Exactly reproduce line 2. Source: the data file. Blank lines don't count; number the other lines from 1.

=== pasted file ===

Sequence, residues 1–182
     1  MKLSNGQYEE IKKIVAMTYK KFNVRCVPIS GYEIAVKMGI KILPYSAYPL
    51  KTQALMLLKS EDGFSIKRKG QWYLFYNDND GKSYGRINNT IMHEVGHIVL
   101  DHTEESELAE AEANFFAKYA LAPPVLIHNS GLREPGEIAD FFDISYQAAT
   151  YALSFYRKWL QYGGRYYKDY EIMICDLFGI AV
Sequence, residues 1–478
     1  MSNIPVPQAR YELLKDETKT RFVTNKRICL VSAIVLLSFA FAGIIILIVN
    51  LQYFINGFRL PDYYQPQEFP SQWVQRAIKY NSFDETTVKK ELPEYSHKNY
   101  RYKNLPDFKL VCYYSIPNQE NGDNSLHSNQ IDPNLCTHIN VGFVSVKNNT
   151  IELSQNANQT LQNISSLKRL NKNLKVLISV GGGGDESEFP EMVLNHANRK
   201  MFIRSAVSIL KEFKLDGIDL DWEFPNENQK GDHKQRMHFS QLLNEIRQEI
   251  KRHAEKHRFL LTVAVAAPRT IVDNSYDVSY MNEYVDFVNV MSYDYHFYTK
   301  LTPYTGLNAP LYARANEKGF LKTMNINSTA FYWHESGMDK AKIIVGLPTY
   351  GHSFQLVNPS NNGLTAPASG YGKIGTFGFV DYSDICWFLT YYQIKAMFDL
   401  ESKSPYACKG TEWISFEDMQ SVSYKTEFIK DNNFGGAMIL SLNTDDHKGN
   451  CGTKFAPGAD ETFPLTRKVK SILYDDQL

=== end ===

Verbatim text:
     1  MKLSNGQYEE IKKIVAMTYK KFNVRCVPIS GYEIAVKMGI KILPYSAYPL